SUMMARY: Bevacizumab is a humanized monoclonal antibody that was the first FDA approved therapy designed to inhibit angiogenesis. This paper will review the mechanism of action and clinical role of this antiangiogenic agent.
- U.S. Food and Drug Administration
- vascular endothelial growth factor
Bevacizumab (Avastin, Genentech/Roche, South San Francisco, California) was the first US Food and Drug Administration−approved therapy designed to inhibit angiogenesis.1,2 In 2009, bevacizumab was approved for recurrent glioblastoma, and its use in early tumors is undergoing clinical trials. Before that, it had been used for treatment of various metastases. In 1989, a team of scientists isolated the human VEGF proteins, which are believed to be some of the most potent causes of angiogenesis. The oxygen and nutrient requirements of rapidly proliferating tumor cells are thought to cause the release of a hypoxia inducible factor, which in turn leads to the production of VEGF. These proteins are involved in increasing vascular permeability, inducing angiogenesis and vasculogenesis, promoting endothelial cell growth and migration, and precluding apoptosis. Because sustained angiogenesis is a hallmark of many cancers, arresting it is critical.1–4
Proposed Mechanism of Action
Bevacizumab is a humanized monoclonal antibody (initially it came from the mouse) that targets VEGF-A, an isoform of VEGF that stimulates endothelial cell proliferation and subsequent migration.2 Bevacizumab specifically binds to the VEGF-A protein, thereby inhibiting the process of angiogenesis (Fig 1). Studies have shown that anti-VEGF agents result in regression of existing microvessels, normalization of surviving mature vasculature, and inhibition of vessel growth and neovascularization. Maintaining the VEGF ligand inhibition may prevent tumor growth and may result in tumor shrinkage with time.1–4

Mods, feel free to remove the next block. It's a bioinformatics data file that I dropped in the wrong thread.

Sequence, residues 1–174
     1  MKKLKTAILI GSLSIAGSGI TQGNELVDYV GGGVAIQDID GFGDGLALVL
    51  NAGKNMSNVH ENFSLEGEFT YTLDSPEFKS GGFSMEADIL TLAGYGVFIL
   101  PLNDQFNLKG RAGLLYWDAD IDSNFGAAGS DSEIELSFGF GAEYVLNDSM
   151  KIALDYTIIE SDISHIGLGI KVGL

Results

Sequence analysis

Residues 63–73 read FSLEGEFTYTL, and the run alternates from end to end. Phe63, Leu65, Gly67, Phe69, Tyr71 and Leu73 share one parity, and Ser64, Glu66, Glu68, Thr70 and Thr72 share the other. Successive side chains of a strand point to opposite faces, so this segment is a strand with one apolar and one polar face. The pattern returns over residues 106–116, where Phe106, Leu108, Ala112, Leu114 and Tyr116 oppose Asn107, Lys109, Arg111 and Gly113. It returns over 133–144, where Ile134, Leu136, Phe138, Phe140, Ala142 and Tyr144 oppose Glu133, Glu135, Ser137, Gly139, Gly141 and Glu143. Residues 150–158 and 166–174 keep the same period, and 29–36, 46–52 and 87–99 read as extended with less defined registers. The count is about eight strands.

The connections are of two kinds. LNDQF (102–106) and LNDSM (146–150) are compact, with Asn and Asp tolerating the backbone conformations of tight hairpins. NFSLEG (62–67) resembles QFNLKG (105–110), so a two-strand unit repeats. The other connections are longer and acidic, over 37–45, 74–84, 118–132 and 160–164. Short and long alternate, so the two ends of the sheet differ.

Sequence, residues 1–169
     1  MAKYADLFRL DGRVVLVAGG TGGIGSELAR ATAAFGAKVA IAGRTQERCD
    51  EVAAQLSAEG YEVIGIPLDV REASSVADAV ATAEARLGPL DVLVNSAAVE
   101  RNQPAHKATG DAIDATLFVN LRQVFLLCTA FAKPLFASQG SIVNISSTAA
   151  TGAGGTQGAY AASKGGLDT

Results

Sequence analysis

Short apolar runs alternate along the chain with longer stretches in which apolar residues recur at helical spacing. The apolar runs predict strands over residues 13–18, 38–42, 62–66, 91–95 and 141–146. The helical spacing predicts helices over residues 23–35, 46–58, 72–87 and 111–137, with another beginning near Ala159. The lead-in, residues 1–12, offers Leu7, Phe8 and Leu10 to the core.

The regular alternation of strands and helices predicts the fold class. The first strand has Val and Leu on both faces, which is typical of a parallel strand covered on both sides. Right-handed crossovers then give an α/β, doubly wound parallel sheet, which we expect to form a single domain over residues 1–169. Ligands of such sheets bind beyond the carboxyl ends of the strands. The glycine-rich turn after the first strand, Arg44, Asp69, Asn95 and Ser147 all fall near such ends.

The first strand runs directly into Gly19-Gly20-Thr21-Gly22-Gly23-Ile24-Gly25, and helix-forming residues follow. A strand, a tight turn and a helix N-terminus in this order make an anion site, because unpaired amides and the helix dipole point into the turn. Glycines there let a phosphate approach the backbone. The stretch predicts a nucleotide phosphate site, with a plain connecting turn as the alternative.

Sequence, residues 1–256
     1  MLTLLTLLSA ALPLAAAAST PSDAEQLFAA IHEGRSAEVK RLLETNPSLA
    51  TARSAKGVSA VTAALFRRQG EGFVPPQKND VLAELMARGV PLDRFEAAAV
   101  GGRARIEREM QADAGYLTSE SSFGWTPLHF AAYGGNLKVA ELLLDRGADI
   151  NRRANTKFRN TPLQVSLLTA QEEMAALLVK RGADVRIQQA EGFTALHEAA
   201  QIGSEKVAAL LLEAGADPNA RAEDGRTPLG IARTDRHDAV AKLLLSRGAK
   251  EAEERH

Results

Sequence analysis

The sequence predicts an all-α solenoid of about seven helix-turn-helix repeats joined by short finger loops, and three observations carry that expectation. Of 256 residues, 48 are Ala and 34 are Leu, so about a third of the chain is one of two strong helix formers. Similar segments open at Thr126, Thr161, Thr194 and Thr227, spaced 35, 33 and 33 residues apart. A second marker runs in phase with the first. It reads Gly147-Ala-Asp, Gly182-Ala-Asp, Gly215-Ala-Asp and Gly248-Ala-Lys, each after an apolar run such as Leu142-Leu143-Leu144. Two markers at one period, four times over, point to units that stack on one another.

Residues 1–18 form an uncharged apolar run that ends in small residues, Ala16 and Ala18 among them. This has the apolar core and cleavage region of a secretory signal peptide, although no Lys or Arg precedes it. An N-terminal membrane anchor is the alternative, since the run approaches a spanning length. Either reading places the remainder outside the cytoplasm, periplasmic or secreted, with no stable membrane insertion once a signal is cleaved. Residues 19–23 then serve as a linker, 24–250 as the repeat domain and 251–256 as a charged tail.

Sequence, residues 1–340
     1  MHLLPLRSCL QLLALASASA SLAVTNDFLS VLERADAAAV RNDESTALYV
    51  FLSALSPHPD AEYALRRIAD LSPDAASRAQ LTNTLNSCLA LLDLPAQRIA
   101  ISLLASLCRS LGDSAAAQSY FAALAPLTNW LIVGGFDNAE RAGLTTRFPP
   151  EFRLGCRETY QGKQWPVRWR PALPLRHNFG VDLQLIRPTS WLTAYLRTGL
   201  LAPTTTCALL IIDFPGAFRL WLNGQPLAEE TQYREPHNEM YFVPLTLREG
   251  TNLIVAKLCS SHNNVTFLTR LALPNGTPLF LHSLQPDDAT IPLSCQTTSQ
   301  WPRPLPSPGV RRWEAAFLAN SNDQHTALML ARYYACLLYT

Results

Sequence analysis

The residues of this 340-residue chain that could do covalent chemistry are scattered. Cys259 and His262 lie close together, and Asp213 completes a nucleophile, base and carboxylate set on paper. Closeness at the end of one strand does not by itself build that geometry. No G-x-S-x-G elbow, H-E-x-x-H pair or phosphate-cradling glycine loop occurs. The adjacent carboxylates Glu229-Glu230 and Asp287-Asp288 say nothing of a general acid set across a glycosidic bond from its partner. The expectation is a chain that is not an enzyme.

Bevacizumab has been approved for the following clinical situations: metastatic colorectal cancer, nonsquamous cell lung cancer, metastatic breast cancer, metastatic renal cell cancer, prostate cancer, and glioblastoma (Fig 2).5–12
Administration and Effects
Bevacizumab is a prescription-only drug administered intravenously. Its half-life is 20 days, and its metabolism route is not clear. Neurologic-related side effects include hypertension, which may lead to posterior reversible encephalopathy syndrome; hemorrhage; and nasal septum perforation.3
Bevacizumab is very expensive and may not be covered by insurance. In countries with public health systems such as Canada and the United Kingdom, insurance coverage is limited. Sales of Avastin totaled 2.7 billion US dollars in 2007.4 Treatment cost per patient may be up to 100,000.00 US dollars per year, though this cost may be smaller in patients with recurrent glioblastoma due to their limited survival period.
Many of the issues described in the previous section arise because bevacizumab does not cure the underlying tumor but only extends the life span.
- Received November 5, 2006.
- Accepted after revision November 6, 2006.
- Copyright © American Society of Neuroradiology